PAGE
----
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Rex Grossman - Early life, College career, Professional career

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Born in Bloomington, Indiana to Maureen and Daniel Grossman, Rex began playing football at a very young age. His father Daniel encouraged his pursuits, and though Rex began as a running back, his mother convinced him to change to quarterback. Rex graduated from Bloomington South High School where he was extremely gifted on the football field, eventually setting a state record for highest number of touchdowns in a championship game. USA Today recognized Grossman as being the 1998 Indiana Player-of-the-Year and was said to be one of the top fifteen players in the United States according to the National Recruiting Advisor.

College career

Grossman enrolled at the University of Florida, foregoing following in the footsteps of his father and grandfather who bothed played football for Indiana University. At the end of a lackluster freshman year, Grossman became a third string quarterback. First and second string went to Brock Berlin and Jesse Palmer who Rex filled in for after an injury on the field. Grossman threw several interceptions against the University of Georgia, causing Steve Spurier, the coach, to pull Rex out of the game and replace him with Berlin. The next week, Grossman redeemed himself by completing 21 out of 34 passes for two touchdowns and 334 yards.

In 2001, Grossman led the Gators to a 10-2 season, coming in second for the Heisman Trophy to Eric Crouch by only 62 votes. He was named AP National Player-of-the-Year and was a finalist for several other awards, ending his sophomore year with a 56-23 victory in the 2002 Orange Bowl which was played against the University of Maryland. In 2003, during his junior year, Grossman led the Gators to the Outback Bowl where the Gators lost 38-30. Rex decided to skip his final year of college and declared himself for drafting in the NFL.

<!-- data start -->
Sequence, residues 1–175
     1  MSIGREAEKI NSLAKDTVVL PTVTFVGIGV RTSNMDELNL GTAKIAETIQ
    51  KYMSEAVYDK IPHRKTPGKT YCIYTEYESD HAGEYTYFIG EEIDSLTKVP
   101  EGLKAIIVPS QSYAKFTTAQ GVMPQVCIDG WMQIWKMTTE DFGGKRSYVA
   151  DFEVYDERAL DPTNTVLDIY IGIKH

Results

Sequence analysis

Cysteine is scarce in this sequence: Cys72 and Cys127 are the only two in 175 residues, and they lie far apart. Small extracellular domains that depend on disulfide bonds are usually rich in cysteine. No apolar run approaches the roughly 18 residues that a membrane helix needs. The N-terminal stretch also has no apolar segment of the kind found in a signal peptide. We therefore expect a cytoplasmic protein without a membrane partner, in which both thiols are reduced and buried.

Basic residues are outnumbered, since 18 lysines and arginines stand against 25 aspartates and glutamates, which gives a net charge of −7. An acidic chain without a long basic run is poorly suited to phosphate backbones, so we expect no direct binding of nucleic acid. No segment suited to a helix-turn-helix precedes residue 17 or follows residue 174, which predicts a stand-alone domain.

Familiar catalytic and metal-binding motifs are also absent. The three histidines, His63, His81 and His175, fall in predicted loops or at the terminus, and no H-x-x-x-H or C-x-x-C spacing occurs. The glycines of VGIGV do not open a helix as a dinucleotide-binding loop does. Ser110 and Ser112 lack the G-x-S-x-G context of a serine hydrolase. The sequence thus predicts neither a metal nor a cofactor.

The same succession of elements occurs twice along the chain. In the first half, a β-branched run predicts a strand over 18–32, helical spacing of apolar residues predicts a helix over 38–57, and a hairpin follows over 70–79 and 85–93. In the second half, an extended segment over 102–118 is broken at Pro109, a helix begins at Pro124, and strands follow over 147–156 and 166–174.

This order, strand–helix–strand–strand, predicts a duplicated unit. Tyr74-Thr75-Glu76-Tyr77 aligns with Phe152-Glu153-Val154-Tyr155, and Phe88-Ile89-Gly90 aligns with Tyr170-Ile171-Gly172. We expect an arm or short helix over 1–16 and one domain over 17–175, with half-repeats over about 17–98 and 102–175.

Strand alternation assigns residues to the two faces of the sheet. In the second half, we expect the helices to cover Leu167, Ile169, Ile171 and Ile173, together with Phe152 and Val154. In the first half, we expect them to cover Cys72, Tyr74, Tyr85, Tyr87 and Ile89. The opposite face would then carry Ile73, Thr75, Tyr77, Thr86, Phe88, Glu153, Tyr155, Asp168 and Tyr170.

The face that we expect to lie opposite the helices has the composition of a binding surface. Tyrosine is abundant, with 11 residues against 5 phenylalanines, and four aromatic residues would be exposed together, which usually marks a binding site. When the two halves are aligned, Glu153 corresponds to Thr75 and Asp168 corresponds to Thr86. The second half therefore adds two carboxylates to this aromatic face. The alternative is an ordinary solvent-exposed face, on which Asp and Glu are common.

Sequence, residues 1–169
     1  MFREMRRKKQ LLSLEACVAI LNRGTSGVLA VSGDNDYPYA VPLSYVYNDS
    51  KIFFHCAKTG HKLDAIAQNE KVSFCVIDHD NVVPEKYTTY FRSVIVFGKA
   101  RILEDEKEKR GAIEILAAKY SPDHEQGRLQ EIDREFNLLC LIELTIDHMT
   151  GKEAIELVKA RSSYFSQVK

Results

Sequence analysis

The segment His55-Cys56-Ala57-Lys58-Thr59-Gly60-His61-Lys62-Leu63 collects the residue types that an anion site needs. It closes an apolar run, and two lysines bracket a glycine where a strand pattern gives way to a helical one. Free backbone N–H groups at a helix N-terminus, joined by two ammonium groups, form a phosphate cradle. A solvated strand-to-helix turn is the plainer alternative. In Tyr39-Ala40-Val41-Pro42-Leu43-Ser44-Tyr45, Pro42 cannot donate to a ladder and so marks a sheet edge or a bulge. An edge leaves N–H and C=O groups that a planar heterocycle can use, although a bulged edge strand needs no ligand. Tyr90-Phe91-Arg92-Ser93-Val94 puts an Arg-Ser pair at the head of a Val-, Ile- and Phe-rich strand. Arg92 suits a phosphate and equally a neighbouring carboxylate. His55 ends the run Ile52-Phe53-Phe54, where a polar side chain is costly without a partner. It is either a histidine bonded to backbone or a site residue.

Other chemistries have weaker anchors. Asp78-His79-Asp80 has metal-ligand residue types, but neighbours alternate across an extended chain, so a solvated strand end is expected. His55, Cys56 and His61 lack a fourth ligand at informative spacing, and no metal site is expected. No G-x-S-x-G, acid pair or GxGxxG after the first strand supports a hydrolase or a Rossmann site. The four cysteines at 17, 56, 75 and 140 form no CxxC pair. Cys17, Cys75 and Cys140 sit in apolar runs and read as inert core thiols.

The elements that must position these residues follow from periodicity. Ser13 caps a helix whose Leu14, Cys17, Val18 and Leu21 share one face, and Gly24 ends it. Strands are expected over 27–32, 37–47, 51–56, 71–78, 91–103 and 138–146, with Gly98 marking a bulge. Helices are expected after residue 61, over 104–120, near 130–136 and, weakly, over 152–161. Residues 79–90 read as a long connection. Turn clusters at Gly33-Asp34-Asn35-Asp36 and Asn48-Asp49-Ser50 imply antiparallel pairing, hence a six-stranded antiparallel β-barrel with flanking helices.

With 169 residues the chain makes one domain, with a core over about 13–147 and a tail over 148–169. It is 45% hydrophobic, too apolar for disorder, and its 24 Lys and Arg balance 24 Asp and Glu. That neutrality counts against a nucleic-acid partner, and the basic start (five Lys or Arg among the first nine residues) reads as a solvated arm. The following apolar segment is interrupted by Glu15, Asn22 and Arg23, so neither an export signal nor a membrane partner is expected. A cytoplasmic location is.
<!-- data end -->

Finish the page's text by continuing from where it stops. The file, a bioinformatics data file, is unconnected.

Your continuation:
Professional career

Early setbacks

In 2003, during the first round NFL Draft, Grossman was drafted by the Chicago Bears. Bears coach Dick Juron, benched Grossman in favor of more experienced quarterbacks; he played very infrequently, but managed to break his finger in 2004. The Bears hired Lovie Smith prior ro the beginning of the 2004 season and Grossman was soon declared starting quarterback. Grossman tore ligaments in his knee and was forced to spend the rest of the season in recovery. Following an ankle fracture, Grossman was sidelined for the majority of the 2005 season. Grossman missed most of the 2005 NFL season after breaking his ankle in a pre-season game.


At the start of the 2006 season Grossman started in sixteen games. Some fans criticized Grossman, saying his work ethic left much to be desired; this was due, in part, to his inconsistent performances. Coach Lovie Smith was unwavering in his support of Grossman and stated that Grossman would continue as the Bears’ quarterback through the playoffs. Grossman led the Bears to a 39-14 victory the next week, allowing the Bears the NFC Championship and eventually Super Bowl XLI.

Grossman’s 23 touchdowns in just one season makes him one of the best quarterbacks in Bears’ history, however his 20 interceptions in a single season are among the highest in Bears’ history. Even so, Grossman was awarded the Ed Block Courage Award at the end of the season, an award that highlights a player’s personal characteristics as being those of a positive role model.

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